falderal : a moving images blog
Paths of Glory ; 1957  ·  Posted by Tallulah

Director: Stanley Kubrick
Actors: Kirk Douglas, Ralph Meeker, Adolphe Menjou, George Macready, Wayne Morris, Richard Anderson, Joe Turkel
Country: U.S.A.

My friend and I have been planning a Kubrick marathon for some time but something always came up and we would not watch a Kubrick film or we wouldn’t get to it. We decided that The Shining would be our first film but due to technical difficulties, the only choice we had was Paths of Glory. We both groaned since we both dislike war movies and I felt pooped about having to stare at Kirk Douglas’ face. I have nothing against him but whenever I see his face, I just want to punch him, just like Jason Schwartzman. Just like how I didn’t want to punch Schwartzman when I actually met him, my urge to punch the computer screen whenever Douglas showed up lessened and lessened. He was wonderful as Colonel Dax.

In many ways, I don’t think that Paths of Glory is special but at the same time, there are many exceptional things about it. For the most part, the film looks like a normal A/B feature film but then you start seeing things that are distinctly Kubrick, specifically cinematic aspects that you see later on in his films. I, and many others, associate Kubrick with tracking shots, and I have often associated Max Ophüls with tracking shots as well. For me, when I watched Paths of Glory, the tracking shots did not have the grand feel that Ophüls’ tracking shots had. Or maybe they both achieved the same effect in that Ophüls used those tracking shots to give his films a glossy feel whereas Kubrick used tracking shots to achieve various effects. For example, in the famous tracking shot of when Colonel Dax walks in the trenches, the viewer isn’t marveling at the lovely movement of the camera but instead, one notices the grim look on everyone’s faces. Each face may be different but they don’t really have an identity — instead, they collectively give off the impression of people being in the dumps. War isn’t glamourous and fighting it isn’t all flags and glory — instead, it is a cause for unhappiness.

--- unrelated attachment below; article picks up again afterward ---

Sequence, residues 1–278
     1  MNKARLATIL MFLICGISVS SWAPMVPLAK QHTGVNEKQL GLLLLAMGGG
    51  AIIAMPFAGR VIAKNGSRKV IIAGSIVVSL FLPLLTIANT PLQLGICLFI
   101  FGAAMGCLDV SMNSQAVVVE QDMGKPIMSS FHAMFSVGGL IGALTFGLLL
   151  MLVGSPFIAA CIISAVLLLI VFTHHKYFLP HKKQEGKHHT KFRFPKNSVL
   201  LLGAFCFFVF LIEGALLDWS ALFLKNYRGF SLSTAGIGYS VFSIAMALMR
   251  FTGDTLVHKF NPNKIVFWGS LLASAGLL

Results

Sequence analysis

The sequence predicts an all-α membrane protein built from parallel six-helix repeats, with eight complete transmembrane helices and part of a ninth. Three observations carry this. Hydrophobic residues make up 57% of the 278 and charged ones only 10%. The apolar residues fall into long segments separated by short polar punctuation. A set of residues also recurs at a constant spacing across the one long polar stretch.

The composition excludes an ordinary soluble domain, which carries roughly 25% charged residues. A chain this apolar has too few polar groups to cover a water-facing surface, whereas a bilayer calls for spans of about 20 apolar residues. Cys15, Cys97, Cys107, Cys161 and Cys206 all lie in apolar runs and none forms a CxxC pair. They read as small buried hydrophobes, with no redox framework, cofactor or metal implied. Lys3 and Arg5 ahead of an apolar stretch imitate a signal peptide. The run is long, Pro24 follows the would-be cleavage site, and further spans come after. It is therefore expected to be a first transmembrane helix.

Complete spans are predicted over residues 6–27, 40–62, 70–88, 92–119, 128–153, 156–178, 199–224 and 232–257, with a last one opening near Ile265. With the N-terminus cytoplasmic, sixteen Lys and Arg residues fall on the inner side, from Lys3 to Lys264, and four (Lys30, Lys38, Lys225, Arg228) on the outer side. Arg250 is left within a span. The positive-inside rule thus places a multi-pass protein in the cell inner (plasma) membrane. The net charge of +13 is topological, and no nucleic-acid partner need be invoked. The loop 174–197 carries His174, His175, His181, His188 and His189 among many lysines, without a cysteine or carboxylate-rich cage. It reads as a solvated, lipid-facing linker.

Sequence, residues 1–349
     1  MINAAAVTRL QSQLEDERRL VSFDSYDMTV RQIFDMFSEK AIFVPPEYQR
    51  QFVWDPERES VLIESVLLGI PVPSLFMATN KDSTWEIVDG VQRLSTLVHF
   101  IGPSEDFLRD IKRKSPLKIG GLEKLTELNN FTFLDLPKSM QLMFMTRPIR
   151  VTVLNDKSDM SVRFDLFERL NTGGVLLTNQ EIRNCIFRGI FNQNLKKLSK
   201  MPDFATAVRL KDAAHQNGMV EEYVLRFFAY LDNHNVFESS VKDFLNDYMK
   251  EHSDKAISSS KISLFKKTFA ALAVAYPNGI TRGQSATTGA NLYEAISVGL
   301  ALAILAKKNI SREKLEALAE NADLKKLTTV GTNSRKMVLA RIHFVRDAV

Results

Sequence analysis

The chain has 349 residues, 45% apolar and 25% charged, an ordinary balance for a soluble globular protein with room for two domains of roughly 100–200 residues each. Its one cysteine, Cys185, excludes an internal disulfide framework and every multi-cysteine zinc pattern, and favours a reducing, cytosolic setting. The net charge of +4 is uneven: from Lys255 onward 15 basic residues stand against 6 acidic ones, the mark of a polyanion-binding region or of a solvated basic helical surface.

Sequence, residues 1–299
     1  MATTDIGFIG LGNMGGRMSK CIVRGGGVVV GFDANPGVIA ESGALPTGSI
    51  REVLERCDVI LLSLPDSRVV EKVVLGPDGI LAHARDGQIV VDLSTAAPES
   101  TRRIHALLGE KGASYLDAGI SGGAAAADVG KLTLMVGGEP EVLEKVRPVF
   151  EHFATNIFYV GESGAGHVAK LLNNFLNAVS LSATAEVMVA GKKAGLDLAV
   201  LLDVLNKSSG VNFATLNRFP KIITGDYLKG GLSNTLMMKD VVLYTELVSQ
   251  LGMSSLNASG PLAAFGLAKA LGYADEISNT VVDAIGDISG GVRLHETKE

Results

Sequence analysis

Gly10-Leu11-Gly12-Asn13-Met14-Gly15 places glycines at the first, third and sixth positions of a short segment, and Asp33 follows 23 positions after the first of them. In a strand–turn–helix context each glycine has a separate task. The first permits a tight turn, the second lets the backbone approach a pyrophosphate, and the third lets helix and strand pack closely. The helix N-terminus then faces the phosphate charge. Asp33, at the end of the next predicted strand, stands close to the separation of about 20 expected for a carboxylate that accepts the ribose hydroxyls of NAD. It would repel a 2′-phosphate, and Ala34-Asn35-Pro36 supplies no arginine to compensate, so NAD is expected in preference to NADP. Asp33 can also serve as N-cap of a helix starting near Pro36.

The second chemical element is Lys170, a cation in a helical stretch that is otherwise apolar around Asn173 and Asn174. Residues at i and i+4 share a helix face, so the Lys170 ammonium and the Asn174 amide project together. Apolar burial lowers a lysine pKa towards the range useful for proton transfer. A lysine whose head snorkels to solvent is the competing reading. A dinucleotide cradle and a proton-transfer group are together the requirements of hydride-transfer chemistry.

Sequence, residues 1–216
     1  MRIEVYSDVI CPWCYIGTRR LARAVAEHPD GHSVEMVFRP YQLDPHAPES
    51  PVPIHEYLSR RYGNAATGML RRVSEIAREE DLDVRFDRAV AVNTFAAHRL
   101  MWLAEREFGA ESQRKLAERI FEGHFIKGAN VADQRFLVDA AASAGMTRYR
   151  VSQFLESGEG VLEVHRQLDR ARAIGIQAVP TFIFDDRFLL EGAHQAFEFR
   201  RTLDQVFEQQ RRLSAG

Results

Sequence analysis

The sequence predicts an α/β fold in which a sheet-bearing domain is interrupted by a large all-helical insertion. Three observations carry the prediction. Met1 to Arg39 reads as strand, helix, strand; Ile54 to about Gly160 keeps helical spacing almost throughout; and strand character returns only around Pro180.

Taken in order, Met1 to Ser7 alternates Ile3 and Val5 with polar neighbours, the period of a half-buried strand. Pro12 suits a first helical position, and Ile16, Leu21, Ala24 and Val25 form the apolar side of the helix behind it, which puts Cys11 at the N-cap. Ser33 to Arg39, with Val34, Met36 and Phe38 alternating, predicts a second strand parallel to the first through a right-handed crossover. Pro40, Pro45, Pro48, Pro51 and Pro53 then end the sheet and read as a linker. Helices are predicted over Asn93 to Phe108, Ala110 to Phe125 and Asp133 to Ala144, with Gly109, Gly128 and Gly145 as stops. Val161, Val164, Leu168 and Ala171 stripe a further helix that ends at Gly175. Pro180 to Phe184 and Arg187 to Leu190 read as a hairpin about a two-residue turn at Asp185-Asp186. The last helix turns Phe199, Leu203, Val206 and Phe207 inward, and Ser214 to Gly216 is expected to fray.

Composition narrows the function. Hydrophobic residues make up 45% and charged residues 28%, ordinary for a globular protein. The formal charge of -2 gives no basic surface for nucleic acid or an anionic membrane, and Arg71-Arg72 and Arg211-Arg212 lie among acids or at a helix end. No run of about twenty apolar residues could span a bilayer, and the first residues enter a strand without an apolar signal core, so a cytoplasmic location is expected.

This picture (on the right) also made me aware that Kubrick was stepping out of the norm in regards to normal Hollywood style camera angles. It was moments like this when I became aware that this film was made my Kubrick, versus let’s say… Edmund Goulding (no offense to Goulding, of course). The impression I got was that the director was going for something new and the odd angle had an almost Brechtian effect on me. Sure, it made me focus on the character and made it look like I was looking down on him, just like what the judges and prosecutor were doing, but at the same time, all I could think was “WHY DID HE USE THIS ANGLE?” It bugged me loads.

All in all, I thought it was a good movie but it definitely made me feel pooped, as usual. I wonder how I’ll fare with Full Metal Jacket.

IMDb Link: Paths of Glory

Leave a Reply